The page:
“South Pacific Area Conference Reports,” Ensign, May 1976, 138
It was a massive undertaking. The South Pacific area conferences encompassed more than 20,000 miles of traveling; some forty conference sessions and numerous special meetings, involving together more than 40,000 Church members; press interviews; and radio and television coverage, including one session viewed by an estimated three million people. The conferences were a new experience for the members of the Church in Samoa, New Zealand, Fiji, Tonga, Australia, and Tahiti—an experience they will never forget. Making the occasion so memorable was President Spencer W. Kimball and nine other General Authorities who went forth to meet the members in the South Pacific, to bear testimony, and to urge them to greater efforts in carrying the gospel to their neighbors.
With President Kimball were President N. Eldon Tanner, first counselor in the First Presidency; Elder Bruce R. McConkie and Elder David B. Haight of the Council of the Twelve; Elder Marion D. Hanks, Elder William H. Bennett, Elder Robert L. Simpson, and Elder Robert D. Hales, Assistants to the Council of the Twelve; Elder Loren C. Dunn of the First Council of the Seventy; and Bishop Victor L. Brown, Presiding Bishop of the Church. Elder Simpson also serves as area supervisor for the Pacific area.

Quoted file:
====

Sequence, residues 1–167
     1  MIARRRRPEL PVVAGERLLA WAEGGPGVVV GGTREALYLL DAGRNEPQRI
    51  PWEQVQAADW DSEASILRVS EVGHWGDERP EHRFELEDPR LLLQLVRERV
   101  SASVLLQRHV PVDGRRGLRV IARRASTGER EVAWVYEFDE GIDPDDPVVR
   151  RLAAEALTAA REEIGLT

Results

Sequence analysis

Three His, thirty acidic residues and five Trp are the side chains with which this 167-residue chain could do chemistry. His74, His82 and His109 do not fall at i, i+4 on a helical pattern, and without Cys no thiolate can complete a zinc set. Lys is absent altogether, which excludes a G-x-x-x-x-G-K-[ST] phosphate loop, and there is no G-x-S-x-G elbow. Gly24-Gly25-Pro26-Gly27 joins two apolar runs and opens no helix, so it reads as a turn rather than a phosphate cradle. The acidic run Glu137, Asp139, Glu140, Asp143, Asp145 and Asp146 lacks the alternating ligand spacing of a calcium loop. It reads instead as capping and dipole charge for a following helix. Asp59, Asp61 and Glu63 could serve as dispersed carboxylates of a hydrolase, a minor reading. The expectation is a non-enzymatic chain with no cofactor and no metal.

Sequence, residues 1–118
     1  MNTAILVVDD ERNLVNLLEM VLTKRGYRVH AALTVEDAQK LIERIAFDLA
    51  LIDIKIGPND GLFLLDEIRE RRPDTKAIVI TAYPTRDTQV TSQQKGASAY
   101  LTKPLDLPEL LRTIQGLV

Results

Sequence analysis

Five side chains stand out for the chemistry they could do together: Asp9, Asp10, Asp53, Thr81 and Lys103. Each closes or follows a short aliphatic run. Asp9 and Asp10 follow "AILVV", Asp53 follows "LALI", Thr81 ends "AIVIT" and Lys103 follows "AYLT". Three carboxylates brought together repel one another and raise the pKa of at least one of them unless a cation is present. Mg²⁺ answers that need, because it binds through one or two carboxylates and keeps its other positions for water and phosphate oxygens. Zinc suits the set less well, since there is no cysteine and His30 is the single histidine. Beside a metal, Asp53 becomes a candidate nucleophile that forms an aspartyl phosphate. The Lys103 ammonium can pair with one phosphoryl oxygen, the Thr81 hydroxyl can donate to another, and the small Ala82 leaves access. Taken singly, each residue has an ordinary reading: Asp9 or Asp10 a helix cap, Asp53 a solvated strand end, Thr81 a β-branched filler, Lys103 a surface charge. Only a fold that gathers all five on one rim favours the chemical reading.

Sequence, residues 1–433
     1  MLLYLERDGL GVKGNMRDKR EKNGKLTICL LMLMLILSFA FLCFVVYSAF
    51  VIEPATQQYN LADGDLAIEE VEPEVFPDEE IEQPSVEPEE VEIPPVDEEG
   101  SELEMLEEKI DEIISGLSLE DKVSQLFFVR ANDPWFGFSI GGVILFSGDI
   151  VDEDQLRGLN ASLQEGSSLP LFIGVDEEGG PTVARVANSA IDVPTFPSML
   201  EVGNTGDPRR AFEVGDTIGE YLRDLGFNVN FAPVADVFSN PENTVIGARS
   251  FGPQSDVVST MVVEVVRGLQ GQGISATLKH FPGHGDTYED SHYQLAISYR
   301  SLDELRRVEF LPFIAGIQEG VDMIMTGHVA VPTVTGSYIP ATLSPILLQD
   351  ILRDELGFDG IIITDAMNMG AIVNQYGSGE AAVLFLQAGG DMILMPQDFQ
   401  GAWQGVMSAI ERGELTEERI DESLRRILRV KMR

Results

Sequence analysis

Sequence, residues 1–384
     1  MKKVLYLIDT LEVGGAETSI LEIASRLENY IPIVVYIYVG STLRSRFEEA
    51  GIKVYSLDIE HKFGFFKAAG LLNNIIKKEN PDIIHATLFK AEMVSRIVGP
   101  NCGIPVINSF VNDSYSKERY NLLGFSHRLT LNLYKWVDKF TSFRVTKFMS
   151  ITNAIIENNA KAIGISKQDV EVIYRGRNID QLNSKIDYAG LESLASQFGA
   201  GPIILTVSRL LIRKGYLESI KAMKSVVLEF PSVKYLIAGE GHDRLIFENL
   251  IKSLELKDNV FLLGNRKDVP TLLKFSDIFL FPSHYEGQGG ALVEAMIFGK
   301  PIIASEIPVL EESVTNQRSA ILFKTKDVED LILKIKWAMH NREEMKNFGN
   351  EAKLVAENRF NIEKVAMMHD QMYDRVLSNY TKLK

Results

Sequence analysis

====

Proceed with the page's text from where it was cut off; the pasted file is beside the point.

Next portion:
The impact of the conferences was felt not only by the Saints, but also by the nonmembers. The media coverage of the Brethren and of the conference sessions and the cultural presentations made in each country was extensive. The television broadcast of the Sunday morning session from Sydney, Australia, brought hundreds of inquiries from nonmembers who wanted to hear more of the Church and its message.
In this issue of the Ensign are the reports from Tonga; Melbourne, Sydney, and Brisbane, Australia; and Tahiti. The April 1976 Ensign carried the reports of the Samoa, New Zealand, and Fiji conferences.
The reports in this issue were prepared with the assistance of J. William Harris, Tonga; Garry P. Mitchell, Sydney; and Malcolm Rea, Melbourne.